Feeds

ACCC set to okay Optus HFC exit

Monopoly concerns outweighed by consumer benefits, apparently

Secure remote control for conventional and virtual desktops

Optus will exit the HFC business and pocket $AU800 million, if yesterday’s proposed determination from the Australian Competition and Consumer Commission stands.

The draft determination from the ACCC would allow Optus to pass its HFC customers to the National Broadband Network as it rolls out, and once the rollout is complete, to decommission the network, which has a footprint in Brisbane, Sydney and Melbourne.

Calling the decision “finely balanced”, the regulator decided that the NBN handover would avoid the cost of operating the HFC network in competition with the NBN and reduce the cost of migrating HFC subscribers to the new fibre-to-the-home infrastructure.

Although the Optus-NBN Co deal reduces competition, the ACCC also noted that Optus is unlikely to extend its network beyond its current footprint, and with the NBN as its competitor, is unlikely to stump up the capital required for future upgrades to the HFC infrastructure.

The ACCC also noted that Optus’ services would only compete with the NBN “at the lower end of the range of services that the NBN will support”.

Moreover, the ACCC’s statement notes, should Optus lose too many customers to the NBN, its HFC network would become uneconomic to operate.

In a more optimistic era, Optus used to trumpet its network as passing more than two million homes. However, many of those are unserviceable (mostly because Optus does not offer HFC to apartments or other ‘multi-dwelling units’), leaving only 1.4 million homes able to be connected. Of those, fewer than 500,000 are connected, with around 400,000 taking a broadband service.

The network has suffered overbuild in the past – during the 1990s, Optus was shadowed practically house-by-house as Telstra rolled out its own HFC cable. That battle finally ended in the early 2000s when both carriers halted their rollouts and wrote down the networks’ book value.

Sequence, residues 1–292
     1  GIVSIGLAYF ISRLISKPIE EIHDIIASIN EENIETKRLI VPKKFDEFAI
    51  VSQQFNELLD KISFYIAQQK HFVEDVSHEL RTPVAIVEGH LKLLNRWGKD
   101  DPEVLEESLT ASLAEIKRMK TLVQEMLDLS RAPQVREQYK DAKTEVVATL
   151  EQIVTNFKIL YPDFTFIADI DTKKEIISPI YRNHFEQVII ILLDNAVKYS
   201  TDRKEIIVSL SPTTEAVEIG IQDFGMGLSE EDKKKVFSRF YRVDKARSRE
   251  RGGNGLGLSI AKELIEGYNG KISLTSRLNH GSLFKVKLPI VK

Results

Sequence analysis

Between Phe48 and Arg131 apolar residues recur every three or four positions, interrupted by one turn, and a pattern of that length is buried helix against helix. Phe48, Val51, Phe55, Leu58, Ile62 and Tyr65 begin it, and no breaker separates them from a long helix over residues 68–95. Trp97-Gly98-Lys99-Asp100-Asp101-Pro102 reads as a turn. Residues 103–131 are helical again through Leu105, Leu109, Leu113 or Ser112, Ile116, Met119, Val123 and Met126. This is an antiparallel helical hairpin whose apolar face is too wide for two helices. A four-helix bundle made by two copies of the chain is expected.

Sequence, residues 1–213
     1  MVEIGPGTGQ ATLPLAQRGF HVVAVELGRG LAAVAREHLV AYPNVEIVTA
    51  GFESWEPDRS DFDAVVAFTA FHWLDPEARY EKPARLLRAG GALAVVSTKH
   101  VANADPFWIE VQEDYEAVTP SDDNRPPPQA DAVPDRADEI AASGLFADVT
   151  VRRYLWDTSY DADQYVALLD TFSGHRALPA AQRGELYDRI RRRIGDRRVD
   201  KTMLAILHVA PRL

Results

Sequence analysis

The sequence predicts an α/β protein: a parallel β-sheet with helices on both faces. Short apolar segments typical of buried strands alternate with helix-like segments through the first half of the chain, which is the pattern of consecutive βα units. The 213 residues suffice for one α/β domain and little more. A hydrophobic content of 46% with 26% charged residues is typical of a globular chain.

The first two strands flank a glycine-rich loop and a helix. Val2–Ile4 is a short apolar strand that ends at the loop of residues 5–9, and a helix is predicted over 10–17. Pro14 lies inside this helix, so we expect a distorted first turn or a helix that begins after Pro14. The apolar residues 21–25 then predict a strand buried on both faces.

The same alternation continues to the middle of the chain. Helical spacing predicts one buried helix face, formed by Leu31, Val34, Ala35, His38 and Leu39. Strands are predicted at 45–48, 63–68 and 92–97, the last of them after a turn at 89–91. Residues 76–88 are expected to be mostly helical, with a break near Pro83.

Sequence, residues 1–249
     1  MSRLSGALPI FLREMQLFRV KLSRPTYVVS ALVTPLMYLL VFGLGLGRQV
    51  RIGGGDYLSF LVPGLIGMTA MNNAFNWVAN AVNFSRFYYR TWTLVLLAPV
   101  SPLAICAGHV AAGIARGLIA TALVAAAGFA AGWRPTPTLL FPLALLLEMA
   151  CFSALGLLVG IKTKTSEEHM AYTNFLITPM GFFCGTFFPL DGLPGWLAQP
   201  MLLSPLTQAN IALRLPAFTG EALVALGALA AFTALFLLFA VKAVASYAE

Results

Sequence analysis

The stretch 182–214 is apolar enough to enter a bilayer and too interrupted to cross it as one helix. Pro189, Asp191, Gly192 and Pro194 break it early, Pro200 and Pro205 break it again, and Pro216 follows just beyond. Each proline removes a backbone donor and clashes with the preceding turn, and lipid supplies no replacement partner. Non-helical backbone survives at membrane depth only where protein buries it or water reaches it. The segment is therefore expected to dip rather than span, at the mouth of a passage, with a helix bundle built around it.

Although now operating DOCSIS 3.0 technology, the two cable networks have themselves represented a competition sore point, with providers like Internode criticizing their lack of wholesale broadband access.

Communications Day is reporting that the "last man standing" in the HFC business, iiNet-owned TransACT, remains hopeful that it can secure a similar deal and avoid overbuild of its networks in the ACT and regional Victoria. ®

Gartner critical capabilities for enterprise endpoint backup

More from The Register

next story
UK fuzz want PINCODES on ALL mobile phones
Met Police calls for mandatory passwords on all new mobes
Canadian ISP Shaw falls over with 'routing' sickness
How sure are you of cloud computing now?
Don't call it throttling: Ericsson 'priority' tech gives users their own slice of spectrum
Actually it's a nifty trick - at least you'll pay for what you get
Three floats Jolla in Hong Kong: Says Sailfish is '3rd option'
Network throws hat into ring with Linux-powered handsets
Fifteen zero days found in hacker router comp romp
Four routers rooted in SOHOpelessly Broken challenge
New Sprint CEO says he will lower axe on staff – but prices come first
'Very disruptive' new rates to be revealed next week
US TV stations bowl sueball directly at FCC's spectrum mega-sale
Broadcasters upset about coverage and cost as they shift up and down the dials
PwC says US biz lagging in Internet of Things
Grass is greener in Asia, say the sensors
Ofcom sees RISE OF THE MACHINE-to-machine cell comms
Study spots 9% growth in IoT m2m mobile data connections
O2 vs Vodafone: Mobe firms grab for GCHQ, gov.uk security badge
No, the spooks love US best, say rival firms
prev story

Whitepapers

5 things you didn’t know about cloud backup
IT departments are embracing cloud backup, but there’s a lot you need to know before choosing a service provider. Learn all the critical things you need to know.
Implementing global e-invoicing with guaranteed legal certainty
Explaining the role local tax compliance plays in successful supply chain management and e-business and how leading global brands are addressing this.
Build a business case: developing custom apps
Learn how to maximize the value of custom applications by accelerating and simplifying their development.
Rethinking backup and recovery in the modern data center
Combining intelligence, operational analytics, and automation to enable efficient, data-driven IT organizations using the HP ABR approach.
Next gen security for virtualised datacentres
Legacy security solutions are inefficient due to the architectural differences between physical and virtual environments.